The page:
Beacons of Knowledge

A book is not just a collection of words.  Even a good dictionary is more.  It’s a beacon, leading us into the unknown.  It casts light where there is darkness, and brings knowledge where there was ignorance.  It isn’t enough to simply read the words.  We must be able to understand them, to let them teach us.  It doesn’t matter whether we’re talking about an encyclopedia or a work of pulp fiction.  There are things in any book that we have no knowledge of, things peculiar to that one book.

The mind  is a marvellous thing, but it demonstrates its remarkable nature only when it is properly fed.  The expansion of the mind can only happen through education.  That education can be experiential, experiencing actual events or places, or it can be acquire through the efforts of others.  Movies, TV programmes or a teacher giving a lecture can open up whole new vistas.  Books, however, can provide greater depth and broader range.  There is no limit to what a book may contain.

When you really think about it, it’s a magical process.  We can take words and use them to recreate anything.  Indeed, we can create whole new realities.  Realities that can be utterly convincing.  Equally, we can convey facts that relate to everything, from events from the ancient past to the most complex scientific theories.

Literacy is a most precious gift.

~ Steve

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About Steve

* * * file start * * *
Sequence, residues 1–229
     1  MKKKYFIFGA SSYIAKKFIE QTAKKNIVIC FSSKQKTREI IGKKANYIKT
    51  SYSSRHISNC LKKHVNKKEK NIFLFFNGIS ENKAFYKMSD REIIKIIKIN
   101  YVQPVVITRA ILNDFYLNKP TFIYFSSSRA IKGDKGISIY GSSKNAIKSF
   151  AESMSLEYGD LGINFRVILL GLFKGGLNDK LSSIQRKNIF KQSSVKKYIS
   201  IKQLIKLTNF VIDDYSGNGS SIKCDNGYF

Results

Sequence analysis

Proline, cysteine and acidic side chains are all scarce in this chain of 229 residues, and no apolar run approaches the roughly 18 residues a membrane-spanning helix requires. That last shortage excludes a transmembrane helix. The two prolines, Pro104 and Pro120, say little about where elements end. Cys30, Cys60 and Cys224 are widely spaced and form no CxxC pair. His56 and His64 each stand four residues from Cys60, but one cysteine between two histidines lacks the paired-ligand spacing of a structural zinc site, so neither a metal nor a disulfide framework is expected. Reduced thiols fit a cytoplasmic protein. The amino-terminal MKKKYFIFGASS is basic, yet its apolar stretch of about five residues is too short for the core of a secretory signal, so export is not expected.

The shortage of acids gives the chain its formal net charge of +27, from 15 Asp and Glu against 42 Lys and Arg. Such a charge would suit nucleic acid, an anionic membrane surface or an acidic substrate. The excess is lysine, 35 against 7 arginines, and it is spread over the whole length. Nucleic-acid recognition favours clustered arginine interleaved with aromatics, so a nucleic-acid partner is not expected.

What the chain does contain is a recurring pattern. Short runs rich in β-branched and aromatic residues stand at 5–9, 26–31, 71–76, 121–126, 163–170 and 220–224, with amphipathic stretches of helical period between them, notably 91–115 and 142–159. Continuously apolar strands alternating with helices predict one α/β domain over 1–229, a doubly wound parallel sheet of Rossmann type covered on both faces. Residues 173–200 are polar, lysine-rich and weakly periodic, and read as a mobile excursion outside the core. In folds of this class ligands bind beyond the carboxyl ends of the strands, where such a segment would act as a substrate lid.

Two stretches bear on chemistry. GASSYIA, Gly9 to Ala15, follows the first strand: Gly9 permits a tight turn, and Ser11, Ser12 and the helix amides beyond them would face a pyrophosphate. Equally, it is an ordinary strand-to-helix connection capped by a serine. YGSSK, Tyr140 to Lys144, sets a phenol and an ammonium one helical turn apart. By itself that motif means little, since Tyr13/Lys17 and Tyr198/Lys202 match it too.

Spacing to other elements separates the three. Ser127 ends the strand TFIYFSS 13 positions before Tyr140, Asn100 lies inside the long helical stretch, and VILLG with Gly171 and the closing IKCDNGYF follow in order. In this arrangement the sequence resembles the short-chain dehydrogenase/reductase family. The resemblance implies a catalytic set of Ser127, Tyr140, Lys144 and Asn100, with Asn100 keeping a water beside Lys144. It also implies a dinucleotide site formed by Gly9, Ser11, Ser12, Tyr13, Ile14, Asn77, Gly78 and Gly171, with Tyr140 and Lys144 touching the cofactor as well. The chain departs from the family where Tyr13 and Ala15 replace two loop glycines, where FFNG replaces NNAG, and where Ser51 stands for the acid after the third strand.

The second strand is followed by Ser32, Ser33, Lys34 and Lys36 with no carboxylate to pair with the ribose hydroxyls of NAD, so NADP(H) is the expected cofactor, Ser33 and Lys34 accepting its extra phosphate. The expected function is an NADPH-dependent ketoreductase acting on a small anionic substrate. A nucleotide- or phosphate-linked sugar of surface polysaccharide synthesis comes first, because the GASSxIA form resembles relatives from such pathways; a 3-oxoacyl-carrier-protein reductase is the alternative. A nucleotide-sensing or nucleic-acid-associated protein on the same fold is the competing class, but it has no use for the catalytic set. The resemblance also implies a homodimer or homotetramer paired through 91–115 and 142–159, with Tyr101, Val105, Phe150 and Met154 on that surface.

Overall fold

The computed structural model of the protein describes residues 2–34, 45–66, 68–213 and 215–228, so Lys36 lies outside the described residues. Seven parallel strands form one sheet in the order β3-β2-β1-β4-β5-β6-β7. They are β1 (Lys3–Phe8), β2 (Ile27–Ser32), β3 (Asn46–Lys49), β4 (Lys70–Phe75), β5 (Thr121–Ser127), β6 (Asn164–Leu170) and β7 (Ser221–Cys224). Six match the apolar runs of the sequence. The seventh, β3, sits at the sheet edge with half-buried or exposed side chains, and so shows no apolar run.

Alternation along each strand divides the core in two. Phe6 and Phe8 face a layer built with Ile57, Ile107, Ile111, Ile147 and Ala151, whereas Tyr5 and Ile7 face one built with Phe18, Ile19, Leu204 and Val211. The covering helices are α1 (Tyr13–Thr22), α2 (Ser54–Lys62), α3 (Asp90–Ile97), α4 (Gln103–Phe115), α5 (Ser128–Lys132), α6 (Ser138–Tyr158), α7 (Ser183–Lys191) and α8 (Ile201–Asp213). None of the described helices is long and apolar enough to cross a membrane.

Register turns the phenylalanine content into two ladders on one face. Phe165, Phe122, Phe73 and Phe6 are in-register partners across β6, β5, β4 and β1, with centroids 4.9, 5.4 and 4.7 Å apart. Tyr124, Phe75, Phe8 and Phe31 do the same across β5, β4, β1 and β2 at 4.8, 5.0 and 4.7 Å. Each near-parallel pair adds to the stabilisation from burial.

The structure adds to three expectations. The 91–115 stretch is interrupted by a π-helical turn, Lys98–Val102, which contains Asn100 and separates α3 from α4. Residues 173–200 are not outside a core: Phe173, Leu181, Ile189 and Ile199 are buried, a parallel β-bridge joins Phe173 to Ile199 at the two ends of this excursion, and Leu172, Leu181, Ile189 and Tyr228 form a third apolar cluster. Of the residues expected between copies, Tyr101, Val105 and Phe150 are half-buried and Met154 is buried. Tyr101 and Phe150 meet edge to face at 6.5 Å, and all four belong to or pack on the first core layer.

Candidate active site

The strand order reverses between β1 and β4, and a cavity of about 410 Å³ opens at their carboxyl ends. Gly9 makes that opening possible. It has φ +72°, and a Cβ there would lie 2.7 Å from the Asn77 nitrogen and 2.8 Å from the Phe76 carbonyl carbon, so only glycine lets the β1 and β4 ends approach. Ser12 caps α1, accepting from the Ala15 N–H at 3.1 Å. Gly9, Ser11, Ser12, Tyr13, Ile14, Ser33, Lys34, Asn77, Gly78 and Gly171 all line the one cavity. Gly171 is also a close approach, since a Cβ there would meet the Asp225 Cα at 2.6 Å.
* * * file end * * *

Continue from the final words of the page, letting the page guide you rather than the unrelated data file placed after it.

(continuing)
An author since the age of 13 years, writing again dominates my activities. My "Imagineer-ing" blog is my primary site. Also: Beginner knitter since November 2010. Favourite knitting techniques: cable and lace. Beginner cross stitcher. Beginner jewellery maker. With the promotion of self publication and all the other work that has been going on here, Dad decided around 2am this morning (22/11/2013) that it was time to begin his next adventure. He was seen off earlier the previous evening by myself, my brother, my sister in law, and my sister, as well as his wife (our mum), and an enigmatic being known only as A Lorraine. After this time of story telling, laughing, crying, joking and mickey taking, we saw how tired both mum and dad were, and we decided to leave them under the (sometimes) gentle care of The Lorraine. When Dad found the timetable for his travels, he let Mum know gently, which woke her from her drowsing, then, with the same gentleness he showed in this universe, he boarded his favourite mode of transport, the Interdimensional Steam Train, and set off with a smile and a wave. For those of us closest, that smile was a reminder that his pain has ended, and the wave, an indicator that he will pop in to all those that knew him, from time to time. Usually at the most inconvenient and in opportune moments he can. While we are sad that he is no longer here, we are happy he now has no pain, and is experiencing more extraordinary things that his writers mind will be frantically weaving into a new story. Posted by Son Damien

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